Watch for billbug and chinch bug injury to home lawns in July
June 29, 2007 - Author: Dave Smitley, Michigan State University Extension, Department of Entomology
Editor’s note: This article is from the archives of the MSU Crop Advisory Team Alerts. Check the label of any pesticide referenced to ensure your use is included.
If you see dead patches in Kentucky bluegrass lawns, you can check for billbug injury by the "tug test.” Pinch a clump of grass blades in the affected area between your thumb and forefinger, and pull it out of the soil. If billbugs are responsible for the turf damage, you will see several broken-off stems filled with sawdust-like frass from the billbug. Also, look for billbug larvae, pupae and, in a few weeks, adults.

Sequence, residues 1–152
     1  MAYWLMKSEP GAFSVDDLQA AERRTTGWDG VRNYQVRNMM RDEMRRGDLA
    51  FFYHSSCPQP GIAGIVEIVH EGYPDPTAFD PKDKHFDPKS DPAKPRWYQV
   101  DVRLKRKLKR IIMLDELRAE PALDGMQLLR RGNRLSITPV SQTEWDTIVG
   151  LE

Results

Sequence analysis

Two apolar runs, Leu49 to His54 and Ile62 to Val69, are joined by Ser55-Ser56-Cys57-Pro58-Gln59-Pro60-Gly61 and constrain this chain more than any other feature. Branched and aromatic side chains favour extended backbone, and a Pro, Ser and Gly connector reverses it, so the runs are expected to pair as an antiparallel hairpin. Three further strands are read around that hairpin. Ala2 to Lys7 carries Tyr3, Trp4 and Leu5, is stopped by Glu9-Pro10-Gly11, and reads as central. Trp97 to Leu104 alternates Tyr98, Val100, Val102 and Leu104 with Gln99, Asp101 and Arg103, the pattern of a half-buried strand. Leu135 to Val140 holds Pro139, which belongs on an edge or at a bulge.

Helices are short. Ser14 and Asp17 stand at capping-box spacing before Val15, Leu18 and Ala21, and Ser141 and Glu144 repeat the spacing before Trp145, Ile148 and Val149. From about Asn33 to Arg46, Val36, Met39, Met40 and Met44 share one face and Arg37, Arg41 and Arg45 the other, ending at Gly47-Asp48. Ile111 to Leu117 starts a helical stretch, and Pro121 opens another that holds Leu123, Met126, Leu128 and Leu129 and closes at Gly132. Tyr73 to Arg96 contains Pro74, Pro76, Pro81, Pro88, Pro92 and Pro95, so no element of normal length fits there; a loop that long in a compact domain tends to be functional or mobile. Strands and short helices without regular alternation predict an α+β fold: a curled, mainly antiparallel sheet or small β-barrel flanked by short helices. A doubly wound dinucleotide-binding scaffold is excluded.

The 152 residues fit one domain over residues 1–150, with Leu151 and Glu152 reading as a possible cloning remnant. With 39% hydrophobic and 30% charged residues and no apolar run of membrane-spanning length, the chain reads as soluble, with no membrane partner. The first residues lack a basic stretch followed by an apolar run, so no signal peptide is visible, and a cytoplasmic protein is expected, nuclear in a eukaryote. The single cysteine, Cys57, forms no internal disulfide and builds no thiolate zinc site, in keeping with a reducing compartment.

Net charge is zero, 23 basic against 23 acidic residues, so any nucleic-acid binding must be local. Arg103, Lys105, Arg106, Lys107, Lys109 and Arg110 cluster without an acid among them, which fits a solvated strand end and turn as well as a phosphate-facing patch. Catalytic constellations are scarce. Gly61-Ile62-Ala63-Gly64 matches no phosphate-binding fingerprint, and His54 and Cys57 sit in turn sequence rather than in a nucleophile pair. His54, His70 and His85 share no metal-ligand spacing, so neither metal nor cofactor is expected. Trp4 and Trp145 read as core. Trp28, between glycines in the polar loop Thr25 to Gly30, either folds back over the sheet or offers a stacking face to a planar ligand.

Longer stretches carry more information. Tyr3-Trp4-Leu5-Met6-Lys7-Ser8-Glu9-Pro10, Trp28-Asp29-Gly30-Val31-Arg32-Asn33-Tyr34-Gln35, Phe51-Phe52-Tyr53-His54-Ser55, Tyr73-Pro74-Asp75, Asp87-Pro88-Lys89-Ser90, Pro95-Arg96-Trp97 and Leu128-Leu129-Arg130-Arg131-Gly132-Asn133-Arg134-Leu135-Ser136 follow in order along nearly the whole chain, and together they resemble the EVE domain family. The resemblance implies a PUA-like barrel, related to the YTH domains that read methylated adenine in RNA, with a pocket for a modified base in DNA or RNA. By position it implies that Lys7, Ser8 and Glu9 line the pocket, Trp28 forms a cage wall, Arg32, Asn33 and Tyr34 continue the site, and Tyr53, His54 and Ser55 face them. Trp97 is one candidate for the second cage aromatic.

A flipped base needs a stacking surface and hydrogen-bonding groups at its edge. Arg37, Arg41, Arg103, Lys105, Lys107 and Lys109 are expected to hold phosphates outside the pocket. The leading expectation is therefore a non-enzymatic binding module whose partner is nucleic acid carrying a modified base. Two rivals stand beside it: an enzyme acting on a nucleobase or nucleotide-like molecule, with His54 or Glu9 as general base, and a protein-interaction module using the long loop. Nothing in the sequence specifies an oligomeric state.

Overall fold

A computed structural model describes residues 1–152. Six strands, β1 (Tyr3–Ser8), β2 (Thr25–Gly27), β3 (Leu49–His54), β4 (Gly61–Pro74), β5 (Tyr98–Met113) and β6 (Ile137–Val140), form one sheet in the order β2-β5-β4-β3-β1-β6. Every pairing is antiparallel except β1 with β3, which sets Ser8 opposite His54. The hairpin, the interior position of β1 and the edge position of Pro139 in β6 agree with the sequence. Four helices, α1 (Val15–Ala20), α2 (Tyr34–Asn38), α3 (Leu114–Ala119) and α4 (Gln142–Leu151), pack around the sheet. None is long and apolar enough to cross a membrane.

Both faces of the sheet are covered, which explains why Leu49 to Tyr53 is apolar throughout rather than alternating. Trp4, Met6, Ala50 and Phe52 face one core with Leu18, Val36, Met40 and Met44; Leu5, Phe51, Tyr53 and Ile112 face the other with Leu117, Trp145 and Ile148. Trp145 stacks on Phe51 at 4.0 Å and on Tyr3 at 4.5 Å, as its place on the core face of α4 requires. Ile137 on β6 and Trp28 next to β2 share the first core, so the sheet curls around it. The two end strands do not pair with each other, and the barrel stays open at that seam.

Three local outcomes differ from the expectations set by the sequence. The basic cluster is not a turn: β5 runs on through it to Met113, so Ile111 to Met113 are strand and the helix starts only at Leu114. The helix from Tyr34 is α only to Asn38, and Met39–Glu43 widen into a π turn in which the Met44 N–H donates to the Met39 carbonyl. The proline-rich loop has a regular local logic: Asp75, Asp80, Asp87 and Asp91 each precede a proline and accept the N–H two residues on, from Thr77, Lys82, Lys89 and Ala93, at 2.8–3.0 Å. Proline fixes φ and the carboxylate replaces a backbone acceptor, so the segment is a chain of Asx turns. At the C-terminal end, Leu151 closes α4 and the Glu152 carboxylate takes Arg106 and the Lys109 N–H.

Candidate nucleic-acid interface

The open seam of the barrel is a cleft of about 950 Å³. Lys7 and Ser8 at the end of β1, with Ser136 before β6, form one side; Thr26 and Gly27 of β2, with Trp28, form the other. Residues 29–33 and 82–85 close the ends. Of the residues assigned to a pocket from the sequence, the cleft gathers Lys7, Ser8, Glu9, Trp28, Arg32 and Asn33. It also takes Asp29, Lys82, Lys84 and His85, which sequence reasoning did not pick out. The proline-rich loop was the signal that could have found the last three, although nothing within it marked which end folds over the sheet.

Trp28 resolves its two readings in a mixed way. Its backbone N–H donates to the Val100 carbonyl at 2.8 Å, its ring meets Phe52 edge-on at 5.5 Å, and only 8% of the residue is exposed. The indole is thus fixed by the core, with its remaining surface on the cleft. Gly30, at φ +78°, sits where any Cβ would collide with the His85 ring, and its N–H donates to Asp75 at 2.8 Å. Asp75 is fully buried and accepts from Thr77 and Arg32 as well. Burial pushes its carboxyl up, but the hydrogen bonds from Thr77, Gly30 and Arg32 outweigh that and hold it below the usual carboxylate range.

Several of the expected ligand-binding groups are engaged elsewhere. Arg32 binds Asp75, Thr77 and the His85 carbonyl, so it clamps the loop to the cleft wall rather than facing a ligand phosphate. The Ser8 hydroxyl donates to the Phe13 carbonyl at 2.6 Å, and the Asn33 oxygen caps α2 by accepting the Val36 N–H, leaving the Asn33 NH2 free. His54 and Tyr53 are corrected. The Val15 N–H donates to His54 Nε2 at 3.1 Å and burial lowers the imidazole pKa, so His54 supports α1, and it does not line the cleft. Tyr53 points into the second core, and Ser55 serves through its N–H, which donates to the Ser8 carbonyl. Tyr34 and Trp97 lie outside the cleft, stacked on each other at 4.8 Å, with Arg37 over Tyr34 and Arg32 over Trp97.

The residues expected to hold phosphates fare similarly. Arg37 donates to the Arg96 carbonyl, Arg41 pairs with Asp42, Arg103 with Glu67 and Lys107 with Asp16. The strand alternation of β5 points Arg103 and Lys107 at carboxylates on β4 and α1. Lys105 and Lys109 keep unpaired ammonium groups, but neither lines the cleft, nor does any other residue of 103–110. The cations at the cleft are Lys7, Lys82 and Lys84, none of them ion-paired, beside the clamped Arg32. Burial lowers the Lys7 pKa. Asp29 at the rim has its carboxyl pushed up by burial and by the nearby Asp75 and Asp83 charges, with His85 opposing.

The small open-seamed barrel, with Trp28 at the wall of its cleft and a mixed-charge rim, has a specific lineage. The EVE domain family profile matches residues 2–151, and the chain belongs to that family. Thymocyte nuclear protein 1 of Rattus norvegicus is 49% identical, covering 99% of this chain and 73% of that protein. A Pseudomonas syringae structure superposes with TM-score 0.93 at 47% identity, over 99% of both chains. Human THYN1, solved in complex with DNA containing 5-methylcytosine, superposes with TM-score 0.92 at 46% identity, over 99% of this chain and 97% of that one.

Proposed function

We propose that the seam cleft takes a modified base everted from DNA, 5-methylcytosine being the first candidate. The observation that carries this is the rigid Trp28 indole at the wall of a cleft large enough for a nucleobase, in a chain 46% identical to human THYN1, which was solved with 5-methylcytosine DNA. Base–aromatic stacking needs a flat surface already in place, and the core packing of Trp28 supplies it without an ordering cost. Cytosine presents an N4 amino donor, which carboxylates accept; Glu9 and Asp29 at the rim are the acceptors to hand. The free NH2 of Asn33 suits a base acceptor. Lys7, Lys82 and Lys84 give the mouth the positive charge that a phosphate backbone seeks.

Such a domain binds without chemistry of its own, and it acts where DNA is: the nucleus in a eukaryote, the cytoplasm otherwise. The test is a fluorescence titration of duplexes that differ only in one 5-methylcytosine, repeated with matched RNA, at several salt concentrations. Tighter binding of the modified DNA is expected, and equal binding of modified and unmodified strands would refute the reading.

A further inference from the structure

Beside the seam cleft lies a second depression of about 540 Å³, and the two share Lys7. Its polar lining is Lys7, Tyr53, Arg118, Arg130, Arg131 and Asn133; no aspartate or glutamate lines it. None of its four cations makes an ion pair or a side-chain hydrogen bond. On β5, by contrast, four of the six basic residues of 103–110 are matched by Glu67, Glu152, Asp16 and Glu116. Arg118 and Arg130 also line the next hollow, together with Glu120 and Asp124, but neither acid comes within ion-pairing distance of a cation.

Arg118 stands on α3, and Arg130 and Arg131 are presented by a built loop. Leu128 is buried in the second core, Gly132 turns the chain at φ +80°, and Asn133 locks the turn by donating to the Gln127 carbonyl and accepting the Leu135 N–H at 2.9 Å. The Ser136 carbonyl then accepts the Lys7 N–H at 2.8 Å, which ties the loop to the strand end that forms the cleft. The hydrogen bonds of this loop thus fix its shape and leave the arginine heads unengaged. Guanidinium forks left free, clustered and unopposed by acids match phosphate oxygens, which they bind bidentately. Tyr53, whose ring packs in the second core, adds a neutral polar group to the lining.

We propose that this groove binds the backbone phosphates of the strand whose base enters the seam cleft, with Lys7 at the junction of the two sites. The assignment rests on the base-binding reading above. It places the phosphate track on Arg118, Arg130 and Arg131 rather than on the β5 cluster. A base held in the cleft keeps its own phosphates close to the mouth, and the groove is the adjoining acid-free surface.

Chinch bugs are most likely to injure drought-stressed turf, especially in lawns with a mix of Kentucky bluegrass and fine fescue. Lawns with a thatch layer are also more susceptible to chinch bugs. The best place to look is in sunny parts of the lawn that appear to be turning brown from drought. Examine the soil surface for chinch bugs in dry afternoons by parting the turf and looking around the base of grass plants. You have to look close because the chinch bugs are only about a 1/8 inch-long. Twenty bugs in two minutes of searching are enough to injure turf. Spot-spraying the infested area with Sevin, Talstar, Allectus or Dylox will help prevent turf damage. Chinch bugs will keep feeding until mid August. Watering frequently helps prevent chinch bug injury.